a public employee cannot assert a constitutional First Amendment cause of action for speech related to the performance of that employee’s job duties.
Alexandria, Virginia (PRWEB) April 28, 2014
The International Public Management Association for Human Resources (IPMA-HR) joined with the International Municipal Lawyers Association (IMLA) in filing an amicus curiae brief (No. 13.483) in the case of Lane v. Franks, which has been accepted for review by the United States Supreme Court. The full brief is available here.
The Supreme Court justices are scheduled for oral argument today with a decision expected by the end of the Supreme Court’s term in June.
The case focuses on whether a government employee should be permitted to assert a constitutional claim based on the First Amendment when that employee alleges that his or her employer retaliated for speech related to the performance of the employee’s job duties.
IPMA-HR and IMLA contend that “a public employee cannot assert a constitutional First Amendment cause of action for speech related to the performance of that employee’s job duties.” The brief submitted by the Associations argues that employee grievances should not become constitutional causes of action. To tackle such issues, there are numerous statutory remedies that are available to employees who believe they have been dismissed in retaliation for their testimony.
The brief also highlights that all states have some form of whistleblower protection laws and that legislatures are the appropriate bodies to address issues such as this if existing remedies are not sufficient.
The Associations recognize that the application of the First Amendment to government employment did not occur until 1968 when the United States Supreme Court held that “public employees do not surrender all their First Amendment rights by reason of their employment.” However, the court continued to acknowledge that governments have interests as employers in regulating the speech of its employees that “differs significantly from those it possesses in connection with regulation of the speech of the citizenry in general.”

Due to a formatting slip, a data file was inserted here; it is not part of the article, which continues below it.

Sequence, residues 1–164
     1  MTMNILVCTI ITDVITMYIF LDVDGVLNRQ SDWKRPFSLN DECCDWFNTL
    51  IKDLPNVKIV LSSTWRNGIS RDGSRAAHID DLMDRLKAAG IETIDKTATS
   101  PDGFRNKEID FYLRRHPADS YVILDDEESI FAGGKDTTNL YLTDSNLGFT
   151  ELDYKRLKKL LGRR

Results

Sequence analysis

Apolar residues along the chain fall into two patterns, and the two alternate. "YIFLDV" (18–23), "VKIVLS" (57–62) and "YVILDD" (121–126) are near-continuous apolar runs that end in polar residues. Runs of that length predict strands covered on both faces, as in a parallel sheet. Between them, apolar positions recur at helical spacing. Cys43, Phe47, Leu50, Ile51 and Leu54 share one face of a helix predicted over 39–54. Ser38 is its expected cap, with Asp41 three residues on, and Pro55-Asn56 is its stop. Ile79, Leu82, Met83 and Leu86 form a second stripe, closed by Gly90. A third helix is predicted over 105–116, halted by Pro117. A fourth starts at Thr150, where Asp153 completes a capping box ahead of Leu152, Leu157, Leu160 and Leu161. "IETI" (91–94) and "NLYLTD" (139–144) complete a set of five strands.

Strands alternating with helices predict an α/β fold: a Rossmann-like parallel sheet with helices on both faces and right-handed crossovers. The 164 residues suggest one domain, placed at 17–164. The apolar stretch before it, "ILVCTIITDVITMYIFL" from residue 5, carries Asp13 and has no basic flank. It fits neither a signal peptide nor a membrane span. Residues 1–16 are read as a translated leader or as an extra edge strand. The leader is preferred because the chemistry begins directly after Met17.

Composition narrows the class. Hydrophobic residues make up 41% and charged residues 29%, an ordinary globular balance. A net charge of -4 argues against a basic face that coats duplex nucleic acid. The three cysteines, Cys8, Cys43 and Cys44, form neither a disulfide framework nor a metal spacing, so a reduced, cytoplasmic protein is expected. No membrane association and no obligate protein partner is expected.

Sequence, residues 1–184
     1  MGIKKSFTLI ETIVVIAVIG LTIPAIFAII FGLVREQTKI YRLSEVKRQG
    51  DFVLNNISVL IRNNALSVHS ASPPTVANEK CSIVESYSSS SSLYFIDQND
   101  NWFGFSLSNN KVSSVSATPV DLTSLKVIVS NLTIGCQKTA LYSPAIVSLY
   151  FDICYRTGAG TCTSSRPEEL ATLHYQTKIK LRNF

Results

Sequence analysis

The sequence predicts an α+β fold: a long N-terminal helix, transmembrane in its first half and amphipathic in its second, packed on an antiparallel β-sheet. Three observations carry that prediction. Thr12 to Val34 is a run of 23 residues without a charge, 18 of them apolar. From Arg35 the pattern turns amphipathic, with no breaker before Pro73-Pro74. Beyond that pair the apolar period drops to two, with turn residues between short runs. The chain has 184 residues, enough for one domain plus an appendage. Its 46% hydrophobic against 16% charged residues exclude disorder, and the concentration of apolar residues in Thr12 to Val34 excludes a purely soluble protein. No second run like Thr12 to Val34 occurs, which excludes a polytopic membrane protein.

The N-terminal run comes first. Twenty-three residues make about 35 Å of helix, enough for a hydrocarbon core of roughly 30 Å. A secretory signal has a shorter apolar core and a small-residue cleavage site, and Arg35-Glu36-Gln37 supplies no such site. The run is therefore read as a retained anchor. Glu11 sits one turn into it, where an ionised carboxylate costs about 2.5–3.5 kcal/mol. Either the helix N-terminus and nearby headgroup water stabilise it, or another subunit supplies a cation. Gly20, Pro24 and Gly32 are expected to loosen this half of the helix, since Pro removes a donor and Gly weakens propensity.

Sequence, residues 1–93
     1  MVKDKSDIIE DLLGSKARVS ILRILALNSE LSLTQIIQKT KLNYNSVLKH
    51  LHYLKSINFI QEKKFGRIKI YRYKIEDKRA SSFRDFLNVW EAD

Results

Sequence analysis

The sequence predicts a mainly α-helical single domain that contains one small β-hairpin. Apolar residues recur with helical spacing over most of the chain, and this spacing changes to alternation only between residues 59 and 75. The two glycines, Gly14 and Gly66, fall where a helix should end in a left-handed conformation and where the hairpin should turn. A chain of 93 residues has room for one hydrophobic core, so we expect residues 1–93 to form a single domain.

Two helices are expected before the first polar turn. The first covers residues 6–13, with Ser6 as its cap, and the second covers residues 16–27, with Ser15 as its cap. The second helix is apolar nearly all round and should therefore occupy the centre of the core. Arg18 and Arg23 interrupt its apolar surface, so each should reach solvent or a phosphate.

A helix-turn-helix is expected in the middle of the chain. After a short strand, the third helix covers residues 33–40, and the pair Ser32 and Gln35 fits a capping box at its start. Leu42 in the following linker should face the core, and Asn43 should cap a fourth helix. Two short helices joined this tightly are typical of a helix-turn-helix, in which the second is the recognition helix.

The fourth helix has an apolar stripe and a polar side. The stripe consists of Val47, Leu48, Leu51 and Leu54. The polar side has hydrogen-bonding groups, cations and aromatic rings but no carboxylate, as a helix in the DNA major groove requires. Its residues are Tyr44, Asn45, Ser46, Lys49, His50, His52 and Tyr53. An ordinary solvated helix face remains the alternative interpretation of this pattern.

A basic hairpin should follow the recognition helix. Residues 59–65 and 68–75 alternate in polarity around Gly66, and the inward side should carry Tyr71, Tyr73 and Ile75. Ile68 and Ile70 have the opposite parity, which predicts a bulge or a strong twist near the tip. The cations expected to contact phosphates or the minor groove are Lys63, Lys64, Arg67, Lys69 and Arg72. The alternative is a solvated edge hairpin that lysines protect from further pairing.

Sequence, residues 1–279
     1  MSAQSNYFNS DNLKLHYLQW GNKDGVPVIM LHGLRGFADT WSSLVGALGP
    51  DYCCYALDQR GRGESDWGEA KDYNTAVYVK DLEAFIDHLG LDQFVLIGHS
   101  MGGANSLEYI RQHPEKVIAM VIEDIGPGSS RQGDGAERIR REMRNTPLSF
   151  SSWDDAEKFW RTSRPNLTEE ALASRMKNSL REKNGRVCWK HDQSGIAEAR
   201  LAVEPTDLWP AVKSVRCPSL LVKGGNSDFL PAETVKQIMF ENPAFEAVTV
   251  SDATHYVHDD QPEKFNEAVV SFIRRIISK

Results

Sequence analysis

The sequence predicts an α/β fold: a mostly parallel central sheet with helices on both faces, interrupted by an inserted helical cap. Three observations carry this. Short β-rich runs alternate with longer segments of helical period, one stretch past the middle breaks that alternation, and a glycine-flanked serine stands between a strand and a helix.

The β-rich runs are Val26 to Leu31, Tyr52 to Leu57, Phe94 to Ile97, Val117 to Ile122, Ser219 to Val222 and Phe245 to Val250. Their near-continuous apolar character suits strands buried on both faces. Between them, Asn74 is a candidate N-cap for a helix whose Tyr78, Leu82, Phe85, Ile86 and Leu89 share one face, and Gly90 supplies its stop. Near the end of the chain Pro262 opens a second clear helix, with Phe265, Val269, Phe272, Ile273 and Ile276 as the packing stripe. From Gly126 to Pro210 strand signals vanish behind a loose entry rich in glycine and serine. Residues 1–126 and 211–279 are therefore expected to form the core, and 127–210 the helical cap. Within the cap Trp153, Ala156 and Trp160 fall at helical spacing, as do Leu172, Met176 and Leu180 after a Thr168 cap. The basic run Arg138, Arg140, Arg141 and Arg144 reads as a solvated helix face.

Background of Case:
Edward Lane worked as the director of the Community Intensive Training for Youth Program at Central Alabama Community College from September 2006 to January 2009, which was a probationary appointment. He ran the program and was responsible for the day-to-day operations, including the hiring and firing of employees and financial decisions. Shortly after beginning his job, Lane discovered that Suzanne Schmitz, a state legislator was listed on the payroll, but was not reporting for work and had not performed any work. He ultimately fired her after she refused to report to work.
In November 2006, following an FBI investigation, Lane testified before a grand jury against Schmitz and then again in August 2008, when he was subpoenaed to testify in Schmitz’s criminal trial. Four months after Lane testified at the criminal trial, he was laid off from his position along with 28 other employees for financial reasons. Approximately seven months later, the entire program was eliminated due to budgetary issues and the remaining employees were laid off.
Almost two years later, Lane brought this action alleging a First Amendment retaliation cause of action. He contends that he was fired for his testimony. Both the District Court and the United States Court of Appeals for the Eleventh Circuit ruled in favor of the employer.
The International Public Management Association for Human Resources (IPMA-HR) is the leading public sector human resources organization in the world, and the premier international provider of public safety tests. IPMA-HR is committed to the advancement of the public sector and the strengthening of our communities by empowering HR professionals with key educational and training opportunities, valuable resources and assessments products, and effective advocacy at every level of government.
The International Municipal Lawyers Association (IMLA) is a non-profit, professional organization that has been an advocate and resource for local government attorneys since 1935. IMLA services as an international clearinghouse of legal information and cooperation on municipal legal matters. IMLA collects from and disseminates information to its membership across the United States and Canada and helps governmental officials prepare for litigation and develop new local laws.